Counterfactual Assessment Methods and Outcome-Based Contracts: A Formal Model Approach

Sergio G. Lazzarini, Sandro Cabral*, Sergio Firpo, Thomaz Teodorovicz

*Corresponding author for this work

Research output: Chapter in Book/Report/Conference proceedingConference abstract in proceedingsResearchpeer-review


Despite the increasing use of outcome-based contracts to incentivize effective private and nonprofit delivery of public services, imperfect assessment may trigger payments for outcomes that were not caused by the service providers. A possibility to mitigate this problem is linking these payments with measured outcomes that adjust for counterfactual assessment of what would have happened without the intervention, as in the case of randomized controlled trials and other impact evaluation methods comparing the outcomes of treated and control groups. However, few outcome-based contracts adopt payment rules based on counterfactual assessment techniques. A potential explanation emerging from the extant literature is that these techniques are costly, time-consuming, and complex. In this paper, we move beyond this explanation through a formal model that integrates the literatures of incentives and policy evaluation. We show that counterfactual assessment contracts may undermine effort when the number of treated subjects is small and there is limited investment per treated subject. Our formal model predicts that increased experience of the contract sponsors may reduce the adoption of counterfactual assessment. Evidence from computer simulation and from a worldwide database of outcome-based contracts are aligned with our predictions and suggest that counterfactual assessment contracts are not always optimal to reward private operators of public services. By identifying the boundary conditions under which counterfactual assessment methods are used in incentive contracts in the public sector, this work informs the literatures of outcome-based contracts and performance-based systems and highlights the importance of using formal models in developing theory on novel public administration phenomena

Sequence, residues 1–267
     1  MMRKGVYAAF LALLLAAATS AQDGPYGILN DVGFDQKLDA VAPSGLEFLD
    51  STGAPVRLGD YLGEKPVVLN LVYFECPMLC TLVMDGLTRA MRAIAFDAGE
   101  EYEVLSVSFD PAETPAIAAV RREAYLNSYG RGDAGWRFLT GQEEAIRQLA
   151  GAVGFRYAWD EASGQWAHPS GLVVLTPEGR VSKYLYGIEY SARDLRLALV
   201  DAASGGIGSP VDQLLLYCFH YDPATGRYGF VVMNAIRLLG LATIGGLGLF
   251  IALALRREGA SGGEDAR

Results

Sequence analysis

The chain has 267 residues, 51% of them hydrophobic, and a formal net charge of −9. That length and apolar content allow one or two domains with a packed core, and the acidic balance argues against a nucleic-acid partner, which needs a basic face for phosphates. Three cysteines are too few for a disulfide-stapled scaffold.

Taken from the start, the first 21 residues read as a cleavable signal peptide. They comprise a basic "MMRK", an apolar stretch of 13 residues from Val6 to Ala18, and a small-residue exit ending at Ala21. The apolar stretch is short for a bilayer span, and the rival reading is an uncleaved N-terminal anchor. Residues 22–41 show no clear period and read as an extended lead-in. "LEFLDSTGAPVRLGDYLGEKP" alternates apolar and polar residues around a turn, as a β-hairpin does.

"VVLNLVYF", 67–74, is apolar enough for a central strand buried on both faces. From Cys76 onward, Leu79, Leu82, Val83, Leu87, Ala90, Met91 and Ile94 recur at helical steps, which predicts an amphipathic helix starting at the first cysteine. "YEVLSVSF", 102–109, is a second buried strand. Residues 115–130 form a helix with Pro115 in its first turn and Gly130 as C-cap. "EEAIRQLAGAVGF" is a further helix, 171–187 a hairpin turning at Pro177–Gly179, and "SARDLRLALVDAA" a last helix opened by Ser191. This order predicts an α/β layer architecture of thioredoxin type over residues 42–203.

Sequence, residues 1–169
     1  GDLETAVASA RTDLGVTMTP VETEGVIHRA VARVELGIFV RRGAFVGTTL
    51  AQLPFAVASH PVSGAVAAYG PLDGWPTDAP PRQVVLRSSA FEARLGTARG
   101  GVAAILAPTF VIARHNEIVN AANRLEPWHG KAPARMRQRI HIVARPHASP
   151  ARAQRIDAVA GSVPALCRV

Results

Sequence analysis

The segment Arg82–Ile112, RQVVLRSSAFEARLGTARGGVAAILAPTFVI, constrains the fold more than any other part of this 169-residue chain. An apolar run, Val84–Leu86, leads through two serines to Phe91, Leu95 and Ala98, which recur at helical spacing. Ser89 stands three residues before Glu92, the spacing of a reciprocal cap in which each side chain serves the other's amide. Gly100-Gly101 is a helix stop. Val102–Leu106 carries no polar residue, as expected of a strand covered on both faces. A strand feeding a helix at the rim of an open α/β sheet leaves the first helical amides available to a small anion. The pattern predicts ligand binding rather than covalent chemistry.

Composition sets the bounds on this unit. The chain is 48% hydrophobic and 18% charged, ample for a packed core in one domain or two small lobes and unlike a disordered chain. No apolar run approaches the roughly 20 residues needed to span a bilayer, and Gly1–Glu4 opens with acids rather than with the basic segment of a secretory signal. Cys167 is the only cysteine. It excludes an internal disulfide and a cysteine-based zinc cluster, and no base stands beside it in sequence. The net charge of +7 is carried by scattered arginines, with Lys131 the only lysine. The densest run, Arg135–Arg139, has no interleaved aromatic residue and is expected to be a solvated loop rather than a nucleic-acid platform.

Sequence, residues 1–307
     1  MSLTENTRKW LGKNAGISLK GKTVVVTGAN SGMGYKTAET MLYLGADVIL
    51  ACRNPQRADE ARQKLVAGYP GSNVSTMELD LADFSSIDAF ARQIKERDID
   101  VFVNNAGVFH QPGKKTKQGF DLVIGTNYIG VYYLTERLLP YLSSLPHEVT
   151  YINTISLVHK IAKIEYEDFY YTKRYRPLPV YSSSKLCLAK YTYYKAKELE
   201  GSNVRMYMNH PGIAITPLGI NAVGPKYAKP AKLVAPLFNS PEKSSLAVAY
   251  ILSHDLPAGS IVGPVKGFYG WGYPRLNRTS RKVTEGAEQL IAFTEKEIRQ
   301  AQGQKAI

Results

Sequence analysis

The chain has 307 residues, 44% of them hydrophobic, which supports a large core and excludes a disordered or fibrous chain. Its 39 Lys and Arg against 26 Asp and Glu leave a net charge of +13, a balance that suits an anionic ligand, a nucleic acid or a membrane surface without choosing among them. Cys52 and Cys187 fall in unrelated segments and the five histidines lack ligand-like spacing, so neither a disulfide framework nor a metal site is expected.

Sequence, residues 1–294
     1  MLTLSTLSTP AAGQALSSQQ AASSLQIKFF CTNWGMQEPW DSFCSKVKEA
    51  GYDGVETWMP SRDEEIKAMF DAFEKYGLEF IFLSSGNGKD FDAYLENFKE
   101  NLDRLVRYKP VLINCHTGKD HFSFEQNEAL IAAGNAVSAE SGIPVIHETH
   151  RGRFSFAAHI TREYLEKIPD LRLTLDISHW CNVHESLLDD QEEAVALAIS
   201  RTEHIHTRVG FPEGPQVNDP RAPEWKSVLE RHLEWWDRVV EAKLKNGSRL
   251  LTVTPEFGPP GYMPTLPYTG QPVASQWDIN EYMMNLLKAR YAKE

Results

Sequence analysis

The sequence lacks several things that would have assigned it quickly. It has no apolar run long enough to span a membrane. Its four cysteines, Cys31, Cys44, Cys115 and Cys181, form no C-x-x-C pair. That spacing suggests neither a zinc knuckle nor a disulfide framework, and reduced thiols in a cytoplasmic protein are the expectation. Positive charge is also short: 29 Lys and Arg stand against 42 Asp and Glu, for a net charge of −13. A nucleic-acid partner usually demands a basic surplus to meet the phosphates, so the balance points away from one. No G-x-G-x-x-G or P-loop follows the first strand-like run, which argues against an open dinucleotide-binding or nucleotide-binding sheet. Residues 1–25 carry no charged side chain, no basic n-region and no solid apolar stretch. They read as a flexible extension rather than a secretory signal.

Original languageEnglish
Title of host publicationProceedings of the Eighty-first Annual Meeting of the Academy of Management
EditorsSonia Taneja
Number of pages6
Place of PublicationBriarcliff Manor, NY
PublisherAcademy of Management
Publication date2021
Article number17
Publication statusPublished - 2021
Externally publishedYes
EventThe Academy of Management Annual Meeting 2021: Bringing the Manager Back in Management - Online, Virtual, Online
Duration: 29 Jul 20214 Aug 2021
Conference number: 81


ConferenceThe Academy of Management Annual Meeting 2021
CityVirtual, Online
Internet address
SeriesAcademy of Management Proceedings


  • AOM annual meeting proceedings 2021
  • Best paper

Cite this